I took a few days off of work just to chill out and get my second wind, so to speak, before heading off to law school in July.  Thursday and Friday were spent with the family doing nothing in particular, so Saturday afternoon was ripe for something fun: Mission Wines with the co-workers was in order.

The official lineup for the day was:

  • 2006 Leitz Drachenstein Riesling
  • 1996 Lopez de Heredia Gravonia
  • 2005 Rauzan Despagne
  • 2005 Foulaquier Pic St Loup
  • 2005 Ridge Lytton Springs
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    Wine Snobbery

    20 Jan

    It’s easy to poke fun at people like Miles in the movie Sideways (which was better as a movie than the book was as a book, in my opinion)–people for whom the entire world revolves around wine.  It’s also fun to stand around in some fancy wine bar and agree with your friends that adjectives like gunflint, slate, leather, barnyard, plum, stone fruit, etc., etc., etc. are just the sign of snobbishness.

    But in reality, isn’t that what much of the fun of wine is all about?

    Sitting around a table at night with one of two of your friends, a bottle or two of newly-purchased wine.  The first is–say, the 2006 estate riesling from Robert Eymael, which is a gorgeous amber or straw color, sweet, with a honeyed mouthfeel.  It’s nice to take turns describing the wine in terms wine critics would be proud of, nice to know that for a little bit of money one can feel part of the social and cultural elite.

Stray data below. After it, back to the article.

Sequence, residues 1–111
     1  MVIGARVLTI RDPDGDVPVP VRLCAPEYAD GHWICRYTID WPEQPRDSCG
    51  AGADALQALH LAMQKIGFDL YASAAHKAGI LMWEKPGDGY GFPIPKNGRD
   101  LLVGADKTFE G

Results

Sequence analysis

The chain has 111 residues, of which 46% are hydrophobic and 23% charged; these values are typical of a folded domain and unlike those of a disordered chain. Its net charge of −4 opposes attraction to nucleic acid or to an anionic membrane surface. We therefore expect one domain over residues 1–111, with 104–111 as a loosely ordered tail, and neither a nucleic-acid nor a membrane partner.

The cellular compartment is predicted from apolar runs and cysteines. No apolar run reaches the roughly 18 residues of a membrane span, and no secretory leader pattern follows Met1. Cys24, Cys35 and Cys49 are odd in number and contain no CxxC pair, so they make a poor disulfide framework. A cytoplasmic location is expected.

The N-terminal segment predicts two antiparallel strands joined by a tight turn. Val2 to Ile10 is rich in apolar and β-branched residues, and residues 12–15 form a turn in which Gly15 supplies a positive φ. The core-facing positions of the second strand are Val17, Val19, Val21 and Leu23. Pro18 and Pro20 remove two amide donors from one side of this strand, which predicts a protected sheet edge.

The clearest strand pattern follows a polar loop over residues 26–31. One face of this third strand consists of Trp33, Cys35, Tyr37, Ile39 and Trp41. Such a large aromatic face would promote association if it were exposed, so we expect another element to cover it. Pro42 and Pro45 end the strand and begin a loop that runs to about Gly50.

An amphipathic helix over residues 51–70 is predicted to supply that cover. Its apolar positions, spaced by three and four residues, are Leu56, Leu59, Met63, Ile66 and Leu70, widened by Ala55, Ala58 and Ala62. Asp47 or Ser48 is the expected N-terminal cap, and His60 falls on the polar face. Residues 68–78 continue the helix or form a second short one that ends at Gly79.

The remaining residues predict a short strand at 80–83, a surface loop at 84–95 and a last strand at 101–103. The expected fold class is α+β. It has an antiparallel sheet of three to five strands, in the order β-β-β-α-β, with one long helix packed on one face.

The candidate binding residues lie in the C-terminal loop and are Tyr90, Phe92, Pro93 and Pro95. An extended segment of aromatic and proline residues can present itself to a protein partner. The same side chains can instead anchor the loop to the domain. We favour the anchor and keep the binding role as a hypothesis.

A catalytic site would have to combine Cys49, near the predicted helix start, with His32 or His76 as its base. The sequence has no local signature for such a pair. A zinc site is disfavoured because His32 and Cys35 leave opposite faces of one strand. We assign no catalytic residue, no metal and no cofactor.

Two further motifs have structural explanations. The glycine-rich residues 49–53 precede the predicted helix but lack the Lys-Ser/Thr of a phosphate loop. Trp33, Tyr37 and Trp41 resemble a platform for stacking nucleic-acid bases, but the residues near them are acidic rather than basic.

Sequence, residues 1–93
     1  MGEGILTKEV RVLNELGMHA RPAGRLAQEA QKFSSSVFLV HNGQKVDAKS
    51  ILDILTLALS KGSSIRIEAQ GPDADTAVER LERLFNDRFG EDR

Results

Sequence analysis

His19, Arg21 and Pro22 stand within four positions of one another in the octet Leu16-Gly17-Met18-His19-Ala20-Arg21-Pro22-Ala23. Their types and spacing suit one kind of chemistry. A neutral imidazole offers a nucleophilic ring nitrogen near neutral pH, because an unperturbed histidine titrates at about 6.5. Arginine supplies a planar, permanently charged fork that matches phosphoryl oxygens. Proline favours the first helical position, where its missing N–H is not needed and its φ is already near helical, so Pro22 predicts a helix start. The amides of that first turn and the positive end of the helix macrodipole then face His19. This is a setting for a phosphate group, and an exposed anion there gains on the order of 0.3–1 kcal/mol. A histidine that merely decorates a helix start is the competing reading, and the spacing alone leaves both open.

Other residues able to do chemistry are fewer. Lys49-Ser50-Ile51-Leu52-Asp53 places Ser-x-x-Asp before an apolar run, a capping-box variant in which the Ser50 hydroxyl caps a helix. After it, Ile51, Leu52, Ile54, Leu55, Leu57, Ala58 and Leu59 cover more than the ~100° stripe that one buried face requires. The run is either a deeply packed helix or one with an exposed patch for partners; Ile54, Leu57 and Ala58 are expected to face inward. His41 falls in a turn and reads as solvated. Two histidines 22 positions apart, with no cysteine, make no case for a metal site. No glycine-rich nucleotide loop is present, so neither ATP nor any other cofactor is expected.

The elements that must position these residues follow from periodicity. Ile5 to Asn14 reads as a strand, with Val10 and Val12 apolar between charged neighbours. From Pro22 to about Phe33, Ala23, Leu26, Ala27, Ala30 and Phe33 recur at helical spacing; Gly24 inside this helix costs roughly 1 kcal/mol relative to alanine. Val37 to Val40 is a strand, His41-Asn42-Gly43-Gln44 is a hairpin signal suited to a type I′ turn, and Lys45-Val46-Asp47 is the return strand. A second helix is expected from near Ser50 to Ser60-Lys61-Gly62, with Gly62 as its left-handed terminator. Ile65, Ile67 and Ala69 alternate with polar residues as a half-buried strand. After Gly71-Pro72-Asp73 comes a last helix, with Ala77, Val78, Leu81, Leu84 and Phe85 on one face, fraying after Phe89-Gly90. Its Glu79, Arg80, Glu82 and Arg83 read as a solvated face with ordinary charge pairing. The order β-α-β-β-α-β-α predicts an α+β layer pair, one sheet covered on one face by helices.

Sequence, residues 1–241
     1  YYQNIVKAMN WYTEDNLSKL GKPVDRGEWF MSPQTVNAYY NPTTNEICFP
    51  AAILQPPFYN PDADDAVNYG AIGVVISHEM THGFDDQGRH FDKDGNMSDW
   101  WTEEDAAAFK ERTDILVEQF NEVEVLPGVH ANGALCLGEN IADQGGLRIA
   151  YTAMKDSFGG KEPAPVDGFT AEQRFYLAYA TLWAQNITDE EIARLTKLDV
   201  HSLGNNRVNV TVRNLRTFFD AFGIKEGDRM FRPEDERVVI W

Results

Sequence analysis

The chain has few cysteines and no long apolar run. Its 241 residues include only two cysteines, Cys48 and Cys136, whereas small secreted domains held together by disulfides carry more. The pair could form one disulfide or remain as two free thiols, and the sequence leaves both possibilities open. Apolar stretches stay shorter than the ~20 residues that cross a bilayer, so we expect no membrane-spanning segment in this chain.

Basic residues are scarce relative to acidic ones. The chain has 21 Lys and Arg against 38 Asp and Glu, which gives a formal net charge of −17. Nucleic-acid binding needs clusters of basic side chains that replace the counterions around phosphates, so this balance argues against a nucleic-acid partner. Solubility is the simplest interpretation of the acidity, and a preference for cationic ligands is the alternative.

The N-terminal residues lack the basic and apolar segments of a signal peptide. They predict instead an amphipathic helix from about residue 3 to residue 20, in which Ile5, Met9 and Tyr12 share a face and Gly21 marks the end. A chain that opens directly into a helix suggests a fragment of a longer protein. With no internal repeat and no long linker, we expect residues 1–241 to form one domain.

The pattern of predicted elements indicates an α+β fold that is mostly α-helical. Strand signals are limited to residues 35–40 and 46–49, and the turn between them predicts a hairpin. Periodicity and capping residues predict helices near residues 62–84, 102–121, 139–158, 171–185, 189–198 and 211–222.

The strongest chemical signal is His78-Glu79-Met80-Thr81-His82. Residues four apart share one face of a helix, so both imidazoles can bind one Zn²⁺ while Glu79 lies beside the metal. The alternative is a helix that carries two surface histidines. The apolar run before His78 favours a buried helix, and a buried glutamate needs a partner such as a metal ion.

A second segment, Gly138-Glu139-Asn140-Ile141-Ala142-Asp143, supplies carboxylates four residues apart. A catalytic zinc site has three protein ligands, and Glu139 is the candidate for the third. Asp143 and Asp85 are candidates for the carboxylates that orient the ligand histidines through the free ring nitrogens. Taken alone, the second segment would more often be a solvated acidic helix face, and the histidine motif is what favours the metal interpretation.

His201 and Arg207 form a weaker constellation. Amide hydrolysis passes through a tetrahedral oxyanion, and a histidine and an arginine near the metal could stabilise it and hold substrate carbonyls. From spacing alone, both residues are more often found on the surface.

Because that’s a huge reason for why someone would start to have an interest in wine.  People who choose to take an active interest in anything–poetry, sports, cars, food, photography, music–start to delve deeper into their subject, to examine all the details and nuances of the Red Sox or William Carlos Williams (one point for someone who can name the very superficial link between those two!).

    Yet wine transcends mere hobby.  It’s a lifestyle–more than that, it’s a statement of a lifestyle.  It’s very possible to drink wine casually with dinner or during social gatherings.  But why not… water… or soda…?  Or malt liquor, for that matter? 

    To get a nice buzz is a good reason.  But come on.  Anyone who’s ever tried to impress a date would know that a glass of good wine is more showy than a glass of Mr. Pibb (which is delicious).  A glass of wine says something.  A glass of soda does not.

    There is the 100-point scale of Robert Parker.  There is the “Do You Know What You Like?” metric developed by Best Cellars (try it–it’s great!).  There is the rather unorthodox method of Wine X Magazine of comparing wines to songs, or ideas like “a deep French kiss in a phone booth–nice depth, great mouth feel, a little woody, a bit tight.”  Then there is the Song family method of “good” and “bad” wine.

    There are so many wines out there, so many different regions and winemakers and varietals and cuvees and blends–it’s impossible to learn about wine without relying on categorizations.  So have fun–feel classy–write tasting notes–get a little bit snobby.  Give wines a score, assign them an idea, or split them into the good and the bad.  It’s why you picked up that bottle before showing up to a fancy dinner party, right?

    UPDATE: My friend Laszlo just as I published this post sent me this link for an article from The Wall Street Journal that talks about wine snobbery!  Give it a read!